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“Our approach is to keep in mind the different altitudes, micro-climates and ecosystems and try to represent the atmosphere, altitude and the feeling we get from that place in a gastronomic experience, so we have to explore Peru from the jungle to the top of the mountains to research and investigate. It’s more than just foraging; we go to talk to people, understand the culture and learn from their mentality.”

Over the past four years Virgilio and the Mater Iniciativa team have spent time learning from the Amazonian and Andean communities and finding out about their way of life. “It’s important that we approach the natural ingredients as they are supposed to be treated here, rather than with some other influence,” he explains. “And whenever we see a beautiful tradition, it inspires us to replicate that. We use the ideas, culture and ingredients to create something completely new.”

A culinary exploration: region by region

Having explored the land so extensively, Virgilio take us on a journey across Peru – from the northern beaches to high up in the Andes – through some of the regions’ native flavours.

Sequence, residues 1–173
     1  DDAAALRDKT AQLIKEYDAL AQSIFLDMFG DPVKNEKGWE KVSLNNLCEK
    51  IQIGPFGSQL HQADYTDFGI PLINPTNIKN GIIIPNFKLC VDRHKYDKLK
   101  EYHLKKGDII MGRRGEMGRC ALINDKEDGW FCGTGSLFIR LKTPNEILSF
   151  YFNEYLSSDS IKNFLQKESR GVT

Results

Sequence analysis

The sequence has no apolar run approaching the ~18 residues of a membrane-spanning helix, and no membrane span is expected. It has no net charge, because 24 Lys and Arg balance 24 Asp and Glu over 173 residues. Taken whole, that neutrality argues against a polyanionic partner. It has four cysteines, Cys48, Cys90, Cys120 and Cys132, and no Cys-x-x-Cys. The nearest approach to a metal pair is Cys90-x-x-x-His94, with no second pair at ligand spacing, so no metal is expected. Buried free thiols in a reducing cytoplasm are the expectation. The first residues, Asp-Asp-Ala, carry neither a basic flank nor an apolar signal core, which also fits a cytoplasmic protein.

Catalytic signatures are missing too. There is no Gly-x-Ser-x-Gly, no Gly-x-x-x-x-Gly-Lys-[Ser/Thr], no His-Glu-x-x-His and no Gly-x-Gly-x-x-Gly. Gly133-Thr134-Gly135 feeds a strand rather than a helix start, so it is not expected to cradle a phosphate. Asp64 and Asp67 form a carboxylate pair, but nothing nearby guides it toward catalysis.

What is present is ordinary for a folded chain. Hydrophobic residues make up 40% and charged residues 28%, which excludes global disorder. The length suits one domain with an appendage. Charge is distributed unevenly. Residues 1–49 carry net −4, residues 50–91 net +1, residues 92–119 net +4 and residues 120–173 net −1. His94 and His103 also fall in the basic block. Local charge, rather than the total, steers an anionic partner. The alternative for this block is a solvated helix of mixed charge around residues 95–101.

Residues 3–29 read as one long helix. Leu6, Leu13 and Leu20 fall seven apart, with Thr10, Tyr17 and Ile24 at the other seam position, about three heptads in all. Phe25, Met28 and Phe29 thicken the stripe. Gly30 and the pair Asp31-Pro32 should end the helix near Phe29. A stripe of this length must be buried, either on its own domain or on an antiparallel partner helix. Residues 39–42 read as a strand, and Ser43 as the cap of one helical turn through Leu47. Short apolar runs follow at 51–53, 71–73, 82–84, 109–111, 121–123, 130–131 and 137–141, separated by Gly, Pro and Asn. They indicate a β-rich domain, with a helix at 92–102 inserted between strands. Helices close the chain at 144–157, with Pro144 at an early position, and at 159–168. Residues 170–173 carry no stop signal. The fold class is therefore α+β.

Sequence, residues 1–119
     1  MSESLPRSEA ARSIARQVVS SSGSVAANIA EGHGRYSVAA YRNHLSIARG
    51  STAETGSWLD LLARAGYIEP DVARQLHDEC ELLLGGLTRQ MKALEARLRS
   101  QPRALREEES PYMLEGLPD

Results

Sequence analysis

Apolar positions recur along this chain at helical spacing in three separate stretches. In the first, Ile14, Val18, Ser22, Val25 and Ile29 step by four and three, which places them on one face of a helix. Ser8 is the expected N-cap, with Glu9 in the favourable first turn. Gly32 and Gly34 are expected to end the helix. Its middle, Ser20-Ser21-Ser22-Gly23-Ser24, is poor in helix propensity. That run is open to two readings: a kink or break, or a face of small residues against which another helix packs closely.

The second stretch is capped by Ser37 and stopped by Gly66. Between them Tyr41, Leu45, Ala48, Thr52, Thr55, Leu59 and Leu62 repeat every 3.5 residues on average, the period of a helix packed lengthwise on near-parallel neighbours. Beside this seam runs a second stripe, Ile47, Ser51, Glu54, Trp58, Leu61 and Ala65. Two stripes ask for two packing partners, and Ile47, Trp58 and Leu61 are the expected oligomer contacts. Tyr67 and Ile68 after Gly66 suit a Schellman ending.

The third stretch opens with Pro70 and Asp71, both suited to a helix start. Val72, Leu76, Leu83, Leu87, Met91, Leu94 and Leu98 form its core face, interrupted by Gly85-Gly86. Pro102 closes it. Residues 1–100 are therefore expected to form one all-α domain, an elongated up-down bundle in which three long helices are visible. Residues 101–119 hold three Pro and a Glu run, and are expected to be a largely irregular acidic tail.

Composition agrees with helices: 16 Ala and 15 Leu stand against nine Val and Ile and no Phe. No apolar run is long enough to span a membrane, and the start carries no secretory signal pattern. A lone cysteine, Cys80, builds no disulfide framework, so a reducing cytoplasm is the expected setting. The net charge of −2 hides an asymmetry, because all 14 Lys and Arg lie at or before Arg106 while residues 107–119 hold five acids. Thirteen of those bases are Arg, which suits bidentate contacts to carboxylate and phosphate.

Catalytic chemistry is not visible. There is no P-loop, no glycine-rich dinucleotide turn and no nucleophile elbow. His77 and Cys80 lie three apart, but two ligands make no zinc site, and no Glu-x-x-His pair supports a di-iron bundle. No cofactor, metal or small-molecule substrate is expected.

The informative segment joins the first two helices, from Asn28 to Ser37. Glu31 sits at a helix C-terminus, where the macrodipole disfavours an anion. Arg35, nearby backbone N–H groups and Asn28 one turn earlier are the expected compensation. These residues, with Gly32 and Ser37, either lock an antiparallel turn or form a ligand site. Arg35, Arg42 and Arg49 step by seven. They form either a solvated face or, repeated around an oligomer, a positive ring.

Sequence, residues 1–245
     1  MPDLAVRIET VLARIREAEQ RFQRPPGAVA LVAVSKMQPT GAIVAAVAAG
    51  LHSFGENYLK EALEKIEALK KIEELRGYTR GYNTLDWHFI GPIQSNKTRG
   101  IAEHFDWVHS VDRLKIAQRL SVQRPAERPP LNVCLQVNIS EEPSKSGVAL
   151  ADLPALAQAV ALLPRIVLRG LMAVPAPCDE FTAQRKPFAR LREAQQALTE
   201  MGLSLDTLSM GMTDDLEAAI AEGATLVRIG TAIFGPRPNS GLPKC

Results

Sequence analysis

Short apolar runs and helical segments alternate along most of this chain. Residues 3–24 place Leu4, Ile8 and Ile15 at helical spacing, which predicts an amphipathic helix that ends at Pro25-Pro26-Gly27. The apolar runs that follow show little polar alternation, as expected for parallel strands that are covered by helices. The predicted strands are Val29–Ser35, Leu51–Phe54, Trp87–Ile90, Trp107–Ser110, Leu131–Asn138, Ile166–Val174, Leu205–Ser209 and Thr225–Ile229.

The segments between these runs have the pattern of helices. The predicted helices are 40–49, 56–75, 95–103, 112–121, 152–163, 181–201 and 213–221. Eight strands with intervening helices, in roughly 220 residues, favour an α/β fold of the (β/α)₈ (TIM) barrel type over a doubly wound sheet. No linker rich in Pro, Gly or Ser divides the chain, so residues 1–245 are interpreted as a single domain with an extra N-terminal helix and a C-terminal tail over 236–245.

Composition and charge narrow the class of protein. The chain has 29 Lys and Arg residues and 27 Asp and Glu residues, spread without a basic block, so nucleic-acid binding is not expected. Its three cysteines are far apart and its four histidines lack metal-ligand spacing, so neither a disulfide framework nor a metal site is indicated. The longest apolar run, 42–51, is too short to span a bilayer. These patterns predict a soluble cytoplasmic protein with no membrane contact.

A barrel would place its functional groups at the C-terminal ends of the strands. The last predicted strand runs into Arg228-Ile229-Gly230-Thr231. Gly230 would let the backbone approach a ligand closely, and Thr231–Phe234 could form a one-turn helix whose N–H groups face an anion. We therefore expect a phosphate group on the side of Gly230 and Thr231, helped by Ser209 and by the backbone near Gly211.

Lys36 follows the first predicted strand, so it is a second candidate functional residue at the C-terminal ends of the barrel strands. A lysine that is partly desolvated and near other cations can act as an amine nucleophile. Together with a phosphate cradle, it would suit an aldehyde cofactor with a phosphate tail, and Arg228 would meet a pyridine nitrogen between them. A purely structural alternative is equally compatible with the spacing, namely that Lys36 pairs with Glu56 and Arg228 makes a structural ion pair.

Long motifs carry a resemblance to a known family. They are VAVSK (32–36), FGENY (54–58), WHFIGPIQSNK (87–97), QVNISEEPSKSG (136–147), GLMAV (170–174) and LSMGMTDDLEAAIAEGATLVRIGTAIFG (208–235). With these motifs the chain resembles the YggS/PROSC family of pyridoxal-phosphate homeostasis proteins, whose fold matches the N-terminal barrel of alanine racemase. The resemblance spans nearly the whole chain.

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Image By CIFOR.

Mancora

The altitude: 23 metres

“We’ve been able to find black scallops in Mancora, and the fish is amazing. There are different types of sea bass, sole, mackerel, octopus, crabs, lots of bonito and shrimp. We do make ceviche but we try to use the seafood in a variety of ways as we recreate the ecosystem. From Mancora, we try to recreate something new that’s inspired by the sea using its fish, seaweed and sea asparagus.”

Lowland Amazon

The altitude: 80 – 1,000 metres

“For us the Amazon is mainly about the different fruits and berries that come from the huge rainforest trees. There’s an oval-shaped fruit called aguaje that’s the size of a fig, another called tumbo (similar to a passion fruit) and macambo, which is a fellow theobroma to Peruvian cacao. We are starting to work with the different woods by using them for infusions. The Amazonian people respect and have a connection with the trees in the rainforest and see them as fellow beings.”